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Do you (mis)understand me?

By Anna Vogelzang Uncategorized 22 Oct 2020

When you ask someone, ‘do you understand me?’ the answer is likely yes or no. If they say yes, how do you know they haven’t misunderstood you? When you’re speaking your native language to another native speaker, this might be something you rarely think about. And dare I say it’s something most health professionals rarely think about?

We all want to be understood. Especially when we’re trying to communicate something complex. We choose words to get our meaning across the best way we can. But even just one or two words could stuff it up.

I’ve been working at NOI for over a year now, researching for some well-known writers. It’s become abundantly clear to me that the meaning of individual words can vary vastly between individuals. For example, the meaning of the word ‘dumb’ to me meant ‘stupid’. I was surprised to learn from those 30-40 years my senior that it originally meant ‘unable to speak’. The meaning of ‘thirsty’ to most means ‘in need of a drink’ or ‘wanting a drink’; in my generation, it can also be used for sexual innuendo! To health professionals, ‘inflammation’ is a body process with signs and symptoms; to non-health professionals, it can often just mean swelling. Other medical terms such as ‘effusion’ can mean something nonthreatening to health experts but have led their patients to think their joints are fusing!!1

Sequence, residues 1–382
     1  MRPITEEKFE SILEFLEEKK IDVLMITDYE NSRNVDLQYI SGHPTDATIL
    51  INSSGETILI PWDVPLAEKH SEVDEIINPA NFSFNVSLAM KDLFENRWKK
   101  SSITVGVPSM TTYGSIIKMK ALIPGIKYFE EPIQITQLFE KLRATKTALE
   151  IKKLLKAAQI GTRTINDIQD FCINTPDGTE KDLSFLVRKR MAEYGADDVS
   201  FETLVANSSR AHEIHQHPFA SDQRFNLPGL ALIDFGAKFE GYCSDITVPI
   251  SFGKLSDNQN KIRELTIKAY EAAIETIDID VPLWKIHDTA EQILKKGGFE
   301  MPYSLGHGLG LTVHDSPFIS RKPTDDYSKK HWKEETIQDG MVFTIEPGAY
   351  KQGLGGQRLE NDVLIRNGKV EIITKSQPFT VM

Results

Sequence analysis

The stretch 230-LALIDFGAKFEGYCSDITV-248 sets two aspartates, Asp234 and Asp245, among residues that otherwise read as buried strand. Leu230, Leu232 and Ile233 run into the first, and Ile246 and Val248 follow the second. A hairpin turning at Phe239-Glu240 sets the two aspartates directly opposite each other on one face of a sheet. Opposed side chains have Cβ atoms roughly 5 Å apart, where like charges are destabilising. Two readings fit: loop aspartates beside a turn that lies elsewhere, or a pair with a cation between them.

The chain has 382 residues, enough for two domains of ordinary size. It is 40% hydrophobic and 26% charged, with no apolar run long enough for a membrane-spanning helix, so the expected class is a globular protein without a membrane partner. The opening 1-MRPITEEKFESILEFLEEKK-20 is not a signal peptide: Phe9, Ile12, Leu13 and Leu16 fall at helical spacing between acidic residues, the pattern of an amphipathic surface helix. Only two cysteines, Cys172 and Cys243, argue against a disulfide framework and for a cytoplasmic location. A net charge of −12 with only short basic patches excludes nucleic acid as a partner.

The examples I’ve given are pretty clear cut, but what about words that are more loaded with individual meaning? Words like love, hate, bravery, safety, and pain. Sure, you could look these up in the dictionary, but what do these words mean specifically to YOU? Each of us have assigned a unique understanding of these words. And they can be immensely difficult (perhaps impossible) to describe using other words. So, we can’t assume we all share words’ exact meanings when using them.

A good question to ask ourselves when communicating might be ‘Am I understood?’. But I argue there are two much better questions: ‘How could I be misunderstood?’ and in turn, ‘how might I have misunderstood?’.

-Anna Vogelzang

Anna Vogelzang is an Accredited Exercise Physiologist, a part-time research assistant at Noigroup and is currently undertaking a Masters by Research in persistent pain at the University of South Australia (IIMPACT in Health)

  1. Chou, L, Ellis, L, Papandony, M, Seneviwickrama, KLMD, Cicuttini, FM, Sullivan, K, Teichtahl, AJ, Wang, Y, Briggs, AM & Wluka, AE 2018, ‘Patients’ perceived needs of osteoarthritis health information: A systematic scoping review’, PLOS ONE,vol. 13, no. 4, p. e0195489.

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  1. Kate Kennedy

    Wow, this is fantastic! Of course! This explains a lot! Thanks

  2. Deirdre

    Excellent piece and so important. Reminded me of poet David Whyte’s book ‘Consolations’ exploring the meaning of words. Sometimes o the face of it a negative connotation but could be a hidden positive meaning too.

  3. hayley_leake

    This is such an important point. Slowing down and making sure both parties ascribe the same meaning to the terms we use, is a worthwhile practice. As the great Tim Minchin points out:

    “Most of society’s arguments are kept alive by a failure to acknowledge nuance. We tend to generate false dichotomies, then try to argue one point using two entirely different sets of assumptions, like two tennis players trying to win a match by hitting beautifully executed shots from either end of separate tennis courts.”

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